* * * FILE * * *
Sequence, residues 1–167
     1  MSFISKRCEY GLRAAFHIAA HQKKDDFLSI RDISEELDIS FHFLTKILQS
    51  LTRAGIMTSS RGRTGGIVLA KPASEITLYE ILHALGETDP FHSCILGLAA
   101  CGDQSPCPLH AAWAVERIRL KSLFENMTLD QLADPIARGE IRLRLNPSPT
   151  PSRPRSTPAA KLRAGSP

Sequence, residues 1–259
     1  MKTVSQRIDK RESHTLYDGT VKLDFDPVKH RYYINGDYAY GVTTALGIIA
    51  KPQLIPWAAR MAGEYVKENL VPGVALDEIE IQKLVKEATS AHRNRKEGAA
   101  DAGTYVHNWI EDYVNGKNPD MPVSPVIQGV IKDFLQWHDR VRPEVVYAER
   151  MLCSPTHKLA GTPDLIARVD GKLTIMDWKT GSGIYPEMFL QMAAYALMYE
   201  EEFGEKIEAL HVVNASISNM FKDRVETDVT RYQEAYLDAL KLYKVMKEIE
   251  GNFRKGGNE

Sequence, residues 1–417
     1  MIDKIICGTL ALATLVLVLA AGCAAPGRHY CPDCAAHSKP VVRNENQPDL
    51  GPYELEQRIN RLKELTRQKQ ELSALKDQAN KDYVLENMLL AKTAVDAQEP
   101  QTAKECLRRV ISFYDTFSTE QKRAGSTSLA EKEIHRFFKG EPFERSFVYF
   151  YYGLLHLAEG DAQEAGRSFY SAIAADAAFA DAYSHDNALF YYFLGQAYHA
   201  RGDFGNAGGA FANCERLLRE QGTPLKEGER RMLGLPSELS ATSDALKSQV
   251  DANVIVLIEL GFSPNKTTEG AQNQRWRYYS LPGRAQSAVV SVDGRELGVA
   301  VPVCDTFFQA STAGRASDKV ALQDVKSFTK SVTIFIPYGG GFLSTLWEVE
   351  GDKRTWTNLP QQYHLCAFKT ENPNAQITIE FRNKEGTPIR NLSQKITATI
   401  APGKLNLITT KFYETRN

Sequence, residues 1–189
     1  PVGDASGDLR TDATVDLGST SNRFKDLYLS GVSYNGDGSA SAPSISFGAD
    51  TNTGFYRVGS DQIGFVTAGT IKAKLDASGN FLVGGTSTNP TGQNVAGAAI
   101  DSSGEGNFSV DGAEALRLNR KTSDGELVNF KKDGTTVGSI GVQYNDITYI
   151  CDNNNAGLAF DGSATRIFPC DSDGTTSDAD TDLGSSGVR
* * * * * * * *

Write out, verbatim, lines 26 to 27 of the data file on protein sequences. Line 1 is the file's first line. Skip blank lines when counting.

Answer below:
   101  DSSGEGNFSV DGAEALRLNR KTSDGELVNF KKDGTTVGSI GVQYNDITYI
   151  CDNNNAGLAF DGSATRIFPC DSDGTTSDAD TDLGSSGVR